Research Article: Selective serotonin reuptake inhibitors and venlafaxine in pregnancy: Changes in drug disposition

Date Published: July 14, 2017

Publisher: Public Library of Science

Author(s): Andreas Austgulen Westin, Malin Brekke, Espen Molden, Eirik Skogvoll, Olav Spigset, Judith Homberg.

http://doi.org/10.1371/journal.pone.0181082

Abstract

Pregnancy may cause changes in drug disposition. The clinical consequences may be profound and even counterintuitive; in some cases pregnant women may need more than twice their usual drug dose in order to maintain therapeutic drug levels. For antidepressants, evidence on drug disposition in pregnancy is scarce. The aim of this study was to determine the effects of pregnancy on serum levels of selective serotonin reuptake inhibitors (SSRIs) and venlafaxine in a large and naturalistic patient material, in order to provide tentative dose recommendations for pregnant women.

Using patient data from two routine therapeutic drug monitoring (TDM) services in Norway with linkage to the national birth registry, dose-adjusted serum drug concentrations of SSRIs and venlafaxine during pregnancy were compared to the women’s own baseline (non-pregnant) values, using a linear mixed model.

Overall, the TDM databases contained 196,726 serum concentration measurements from 54,393 women. After data linkage and drug selection (SSRIs or venlafaxine only), we identified 367 analyses obtained from a total of 290 pregnancies in 281 women, and 420 baseline observations from the same women. Serum concentrations in the third trimester were significantly lower than baseline for paroxetine (–51%; 95% confidence interval [CI], –66%, –30%; p<0.001), fluvoxamine (–56%; CI, –75%, –23%; p = 0.004) and citalopram (–24%; CI, –38%, –7%; p = 0,007), and higher than baseline for sertraline (+68%; CI, +37%, +106%; p<0.001). For escitalopram, fluoxetine and venlafaxine concentrations did not change significantly. For paroxetine and fluvoxamine the pronounced decline in maternal drug serum concentrations in pregnancy may necessitate a dose increase of about 100% during the third trimester in order to maintain stable concentrations. For fluoxetine, venlafaxine, citalopram, escitalopram and sertraline, the present study indicates that dose adjustments are generally not necessary during pregnancy.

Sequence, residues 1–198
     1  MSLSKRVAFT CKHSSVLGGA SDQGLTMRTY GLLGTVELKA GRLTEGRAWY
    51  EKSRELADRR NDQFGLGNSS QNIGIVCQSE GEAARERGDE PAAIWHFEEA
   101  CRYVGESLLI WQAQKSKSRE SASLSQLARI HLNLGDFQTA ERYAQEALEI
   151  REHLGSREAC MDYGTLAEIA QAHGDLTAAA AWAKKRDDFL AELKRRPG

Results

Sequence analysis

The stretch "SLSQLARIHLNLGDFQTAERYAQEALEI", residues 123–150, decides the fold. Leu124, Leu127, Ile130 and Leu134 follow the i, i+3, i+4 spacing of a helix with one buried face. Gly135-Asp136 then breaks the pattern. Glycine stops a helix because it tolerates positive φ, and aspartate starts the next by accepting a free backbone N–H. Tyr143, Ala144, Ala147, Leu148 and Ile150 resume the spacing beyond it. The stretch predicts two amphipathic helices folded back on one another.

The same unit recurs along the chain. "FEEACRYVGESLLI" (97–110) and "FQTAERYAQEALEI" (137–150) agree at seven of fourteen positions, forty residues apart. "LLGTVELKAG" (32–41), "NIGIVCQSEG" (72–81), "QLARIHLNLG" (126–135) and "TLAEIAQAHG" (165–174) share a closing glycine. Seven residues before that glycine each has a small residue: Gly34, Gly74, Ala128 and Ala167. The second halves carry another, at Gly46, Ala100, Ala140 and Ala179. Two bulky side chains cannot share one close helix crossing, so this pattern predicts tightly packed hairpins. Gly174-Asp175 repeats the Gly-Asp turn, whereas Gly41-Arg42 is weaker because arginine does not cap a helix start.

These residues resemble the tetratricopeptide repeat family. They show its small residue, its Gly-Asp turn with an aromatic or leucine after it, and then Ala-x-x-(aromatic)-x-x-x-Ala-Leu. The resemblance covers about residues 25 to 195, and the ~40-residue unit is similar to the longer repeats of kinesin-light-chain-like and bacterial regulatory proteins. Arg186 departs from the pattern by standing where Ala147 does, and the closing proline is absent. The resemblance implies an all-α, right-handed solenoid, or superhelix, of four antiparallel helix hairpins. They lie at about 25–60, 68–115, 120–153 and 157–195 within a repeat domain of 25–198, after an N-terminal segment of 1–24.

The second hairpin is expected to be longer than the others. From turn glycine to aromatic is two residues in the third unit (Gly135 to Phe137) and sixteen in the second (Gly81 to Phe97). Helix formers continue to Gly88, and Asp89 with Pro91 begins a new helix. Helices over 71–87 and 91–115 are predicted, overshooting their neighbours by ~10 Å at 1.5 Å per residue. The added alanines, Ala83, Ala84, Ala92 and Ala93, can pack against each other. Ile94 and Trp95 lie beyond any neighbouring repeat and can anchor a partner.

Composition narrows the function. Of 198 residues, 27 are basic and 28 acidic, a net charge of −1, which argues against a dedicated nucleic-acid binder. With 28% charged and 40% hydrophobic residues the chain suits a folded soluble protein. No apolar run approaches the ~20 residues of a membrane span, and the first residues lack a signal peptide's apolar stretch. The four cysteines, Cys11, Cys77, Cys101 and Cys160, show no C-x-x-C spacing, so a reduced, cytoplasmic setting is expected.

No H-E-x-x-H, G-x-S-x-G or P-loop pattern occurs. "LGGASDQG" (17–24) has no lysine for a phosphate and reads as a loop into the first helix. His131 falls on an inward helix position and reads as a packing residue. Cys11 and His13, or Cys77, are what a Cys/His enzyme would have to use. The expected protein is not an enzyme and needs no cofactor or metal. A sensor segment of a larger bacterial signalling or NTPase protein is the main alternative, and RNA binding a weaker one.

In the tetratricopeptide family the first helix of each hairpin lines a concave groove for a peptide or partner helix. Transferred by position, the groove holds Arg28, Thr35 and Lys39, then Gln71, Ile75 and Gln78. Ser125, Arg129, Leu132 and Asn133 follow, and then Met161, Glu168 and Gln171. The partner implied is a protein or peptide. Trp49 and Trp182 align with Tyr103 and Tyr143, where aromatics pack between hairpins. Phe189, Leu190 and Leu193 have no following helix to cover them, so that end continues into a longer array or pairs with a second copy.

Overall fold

Partial Text

Depression in pregnancy is a serious and often overlooked condition. It is estimated to impact 14–23% of pregnant women, which makes it more prevalent in pregnancy than conditions like gestational diabetes (18%) and preeclampsia (3–5%) [1]. Maternal depression may cause a vast range of consequences for the mother and fetus, such as substance abuse, preterm delivery, neonatal intensive care unit admissions, poor bonding between mother and baby, adverse effects on the growth and neurodevelopment of the offspring, and even increased risk of maternal suicide [1, 2]. Therefore, in cases of severe or relapsing depression, the use antidepressants is considered favorable compared to exposing mother and child to untreated depressive illness [1–3].

Table 1 and Fig 1 provide an overview of all analyses and pregnancies included in the study. The model estimates for the loge-transformed serum concentrations across pregnancy are given in the S1 Table. Table 2 shows the estimated serum concentrations at baseline and by trimester during pregnancy, as well as the relative changes from baseline in percent. For paroxetine, fluvoxamine and citalopram concentrations in mid third trimester (gestational week 34) were 51%, 56% and 24% lower than baseline values, respectively. For venlafaxine, fluoxetine and escitalopram the concentration declines were smaller and not statistically significant. For sertraline, there was a 68% increase in mid third trimester concentrations compared to baseline (Table 2).

The present study, including SSRI and venlafaxine serum concentration data from 290 pregnancies, is by far the largest study to date investigating the disposition of antidepressants during pregnancy. The main finding is that the serum concentrations of paroxetine and fluvoxamine drop to about 50% of pre-pregnancy levels, whereas sertraline concentrations increase by approximately 60–70% (Table 2). Venlafaxine, fluoxetine, citalopram and escitalopram concentrations remain largely unchanged.

 

Source:

http://doi.org/10.1371/journal.pone.0181082

 

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